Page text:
LONDON: Prime Minister Theresa May must give parliament a vote before she can formally start Britain’s exit from the European Union, the UK Supreme Court ruled on Tuesday, giving lawmakers who oppose her Brexit plans a shot at amending them.
A ‘straightforward’ bill will now be rushed to parliament within days, the government said after the country’s highest judicial body decided May could not use executive powers known as “royal prerogative” to invoke Article 50 of the EU’s Lisbon Treaty and begin two years of divorce talks.
However, the judges did remove one major potential obstacle for the government, saying May did not need the approval of Britain’s devolved assemblies in Scotland, Wales and Northern Ireland before triggering Brexit.
“We will within days introduce legislation to give the government the legal power to trigger Article 50,” Brexit minister David Davis told parliament.
“This will be the most straightforward bill possible to give effect to the decision of the people and respect the Supreme Court’s judgment.”
May has said she intends to invoke Article 50 before the end of March but the ruling means the Brexit process is now open to scrutiny from lawmakers, the majority of whom had wanted to stay in the EU.
However, the main opposition Labour Party has said it would not block Brexit although it would try to amend the legislation.
“Labour will seek to build in the principles of full, tariff-free access to the single market and maintenance of workers’ rights and social and environmental protections,” party leader Jeremy Corbyn said.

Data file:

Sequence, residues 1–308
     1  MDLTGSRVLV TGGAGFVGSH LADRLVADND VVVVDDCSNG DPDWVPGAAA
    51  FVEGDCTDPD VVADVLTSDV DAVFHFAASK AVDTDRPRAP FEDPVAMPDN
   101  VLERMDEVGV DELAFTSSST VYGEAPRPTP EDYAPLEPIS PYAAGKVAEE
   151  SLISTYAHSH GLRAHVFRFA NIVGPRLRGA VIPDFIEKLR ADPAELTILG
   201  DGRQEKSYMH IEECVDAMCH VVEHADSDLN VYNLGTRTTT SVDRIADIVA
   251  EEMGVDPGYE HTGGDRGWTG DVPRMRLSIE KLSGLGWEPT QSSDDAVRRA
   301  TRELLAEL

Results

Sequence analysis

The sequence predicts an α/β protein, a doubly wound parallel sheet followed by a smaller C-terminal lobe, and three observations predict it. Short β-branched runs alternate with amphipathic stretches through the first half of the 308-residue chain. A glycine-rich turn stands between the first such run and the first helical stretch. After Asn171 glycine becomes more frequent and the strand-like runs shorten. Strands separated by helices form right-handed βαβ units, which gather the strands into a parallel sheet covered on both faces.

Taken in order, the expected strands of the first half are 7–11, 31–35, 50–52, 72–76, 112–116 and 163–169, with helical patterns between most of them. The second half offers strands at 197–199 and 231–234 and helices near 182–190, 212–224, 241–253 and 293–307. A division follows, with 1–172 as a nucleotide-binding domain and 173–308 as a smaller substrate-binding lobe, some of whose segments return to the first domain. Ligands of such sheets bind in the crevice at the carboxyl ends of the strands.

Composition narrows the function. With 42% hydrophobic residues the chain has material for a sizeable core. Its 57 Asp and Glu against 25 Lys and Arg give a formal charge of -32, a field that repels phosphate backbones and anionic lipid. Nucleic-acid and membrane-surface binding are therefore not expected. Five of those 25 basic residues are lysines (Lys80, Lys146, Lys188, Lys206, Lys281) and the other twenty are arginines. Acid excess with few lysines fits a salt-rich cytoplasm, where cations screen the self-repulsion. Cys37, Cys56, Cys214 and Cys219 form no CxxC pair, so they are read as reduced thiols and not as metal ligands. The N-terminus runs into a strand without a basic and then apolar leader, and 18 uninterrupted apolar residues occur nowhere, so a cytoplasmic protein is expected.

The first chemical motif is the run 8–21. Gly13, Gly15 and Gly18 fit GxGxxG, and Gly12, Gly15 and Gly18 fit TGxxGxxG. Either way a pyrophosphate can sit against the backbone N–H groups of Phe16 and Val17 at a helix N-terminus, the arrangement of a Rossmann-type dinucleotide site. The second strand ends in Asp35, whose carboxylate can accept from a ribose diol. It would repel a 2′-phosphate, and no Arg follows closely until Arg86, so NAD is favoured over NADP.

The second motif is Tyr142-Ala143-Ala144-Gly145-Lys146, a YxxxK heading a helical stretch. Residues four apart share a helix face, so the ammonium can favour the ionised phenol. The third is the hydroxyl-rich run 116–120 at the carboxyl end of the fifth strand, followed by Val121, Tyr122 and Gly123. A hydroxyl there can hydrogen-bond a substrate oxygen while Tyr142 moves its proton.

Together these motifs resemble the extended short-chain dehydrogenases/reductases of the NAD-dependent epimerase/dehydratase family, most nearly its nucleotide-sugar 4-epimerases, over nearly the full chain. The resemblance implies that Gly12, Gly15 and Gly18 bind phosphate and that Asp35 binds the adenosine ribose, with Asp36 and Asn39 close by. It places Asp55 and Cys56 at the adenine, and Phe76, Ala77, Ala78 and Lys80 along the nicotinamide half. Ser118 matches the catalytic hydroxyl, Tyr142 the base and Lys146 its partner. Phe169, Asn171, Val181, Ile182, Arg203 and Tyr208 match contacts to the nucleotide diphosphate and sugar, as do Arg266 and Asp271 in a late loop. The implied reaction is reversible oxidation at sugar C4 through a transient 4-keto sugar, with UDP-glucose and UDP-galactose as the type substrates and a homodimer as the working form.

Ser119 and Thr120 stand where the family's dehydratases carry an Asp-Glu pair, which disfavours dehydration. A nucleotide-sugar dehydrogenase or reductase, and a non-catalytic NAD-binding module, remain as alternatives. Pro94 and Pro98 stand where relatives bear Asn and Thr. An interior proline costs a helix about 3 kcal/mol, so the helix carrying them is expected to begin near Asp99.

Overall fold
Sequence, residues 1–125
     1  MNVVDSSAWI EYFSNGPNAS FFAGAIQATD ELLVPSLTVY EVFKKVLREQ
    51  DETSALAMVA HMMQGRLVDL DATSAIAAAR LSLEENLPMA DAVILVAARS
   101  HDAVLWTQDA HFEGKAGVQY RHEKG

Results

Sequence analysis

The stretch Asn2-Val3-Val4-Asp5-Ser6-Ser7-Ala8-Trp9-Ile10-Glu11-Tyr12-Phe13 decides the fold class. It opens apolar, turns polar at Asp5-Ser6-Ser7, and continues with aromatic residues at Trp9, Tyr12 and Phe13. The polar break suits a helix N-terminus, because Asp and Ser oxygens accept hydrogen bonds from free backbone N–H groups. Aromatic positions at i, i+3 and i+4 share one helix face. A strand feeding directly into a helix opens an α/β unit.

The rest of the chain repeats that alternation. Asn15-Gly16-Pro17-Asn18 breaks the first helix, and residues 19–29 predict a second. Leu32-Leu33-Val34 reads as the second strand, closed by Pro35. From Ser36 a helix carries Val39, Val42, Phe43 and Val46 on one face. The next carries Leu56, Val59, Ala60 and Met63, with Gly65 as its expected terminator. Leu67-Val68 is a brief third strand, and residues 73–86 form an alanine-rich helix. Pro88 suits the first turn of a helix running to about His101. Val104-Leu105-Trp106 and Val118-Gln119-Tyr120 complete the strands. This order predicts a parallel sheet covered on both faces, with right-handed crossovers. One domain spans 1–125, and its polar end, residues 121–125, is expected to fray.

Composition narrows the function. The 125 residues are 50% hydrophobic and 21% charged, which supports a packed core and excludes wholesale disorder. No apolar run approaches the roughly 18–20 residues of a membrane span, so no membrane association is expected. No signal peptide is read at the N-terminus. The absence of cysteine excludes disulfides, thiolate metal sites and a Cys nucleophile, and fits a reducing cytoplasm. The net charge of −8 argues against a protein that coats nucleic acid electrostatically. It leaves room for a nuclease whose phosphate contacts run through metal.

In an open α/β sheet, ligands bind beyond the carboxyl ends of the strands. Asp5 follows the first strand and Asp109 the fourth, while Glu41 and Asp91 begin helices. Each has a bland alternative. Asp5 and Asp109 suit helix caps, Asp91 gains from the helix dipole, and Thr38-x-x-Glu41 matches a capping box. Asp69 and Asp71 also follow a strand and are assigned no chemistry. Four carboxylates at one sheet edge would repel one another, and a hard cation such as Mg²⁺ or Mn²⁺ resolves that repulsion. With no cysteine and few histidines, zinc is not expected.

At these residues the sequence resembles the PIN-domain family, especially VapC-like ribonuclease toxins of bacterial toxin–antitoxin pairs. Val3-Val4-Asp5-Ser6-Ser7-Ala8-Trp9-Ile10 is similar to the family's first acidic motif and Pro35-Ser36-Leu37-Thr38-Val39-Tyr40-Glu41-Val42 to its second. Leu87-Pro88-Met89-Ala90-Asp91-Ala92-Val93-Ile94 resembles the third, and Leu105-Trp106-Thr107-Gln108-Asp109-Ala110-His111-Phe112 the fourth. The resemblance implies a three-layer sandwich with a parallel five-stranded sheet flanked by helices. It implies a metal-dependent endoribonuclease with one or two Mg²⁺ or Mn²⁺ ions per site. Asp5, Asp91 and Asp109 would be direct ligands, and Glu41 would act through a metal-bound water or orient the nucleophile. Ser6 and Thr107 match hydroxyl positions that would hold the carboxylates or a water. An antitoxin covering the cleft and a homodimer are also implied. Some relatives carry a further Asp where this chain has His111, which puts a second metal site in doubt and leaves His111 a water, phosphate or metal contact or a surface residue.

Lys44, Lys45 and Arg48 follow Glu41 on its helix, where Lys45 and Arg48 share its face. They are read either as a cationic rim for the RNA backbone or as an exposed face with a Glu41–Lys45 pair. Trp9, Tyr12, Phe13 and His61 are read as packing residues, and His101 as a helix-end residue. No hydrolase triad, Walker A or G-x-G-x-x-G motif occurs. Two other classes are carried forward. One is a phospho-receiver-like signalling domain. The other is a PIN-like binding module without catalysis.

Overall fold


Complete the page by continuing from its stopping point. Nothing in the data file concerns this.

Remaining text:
Media reports have suggested that up to 80 Labour lawmakers (MPs) in the 650-member House of Commons, the lower chamber, would ignore Corbyn and vote against triggering Article 50, while the small Liberal Democrat Party said it would oppose Brexit unless there was a second referendum on the final deal.
Meanwhile, the Scottish National Party, which has 54 MPs, vowed to put forward 50 “serious and substantive” amendments.
May’s spokesman said the court’s decision did nothing to change the path of Brexit or her timetable.
Davis said: “The point of no return was passed on June 23 last year. This judgement does not change the fact that the UK will be leaving the European Union.”
Sterling initially rose on the news that the government had lost its appeal, but it then fell over half a cent to hit day’s lows against the dollar and euro after the ruling that the devolved assemblies did not need to give their assent.
Published in The Express Tribune, January 25th, 2017.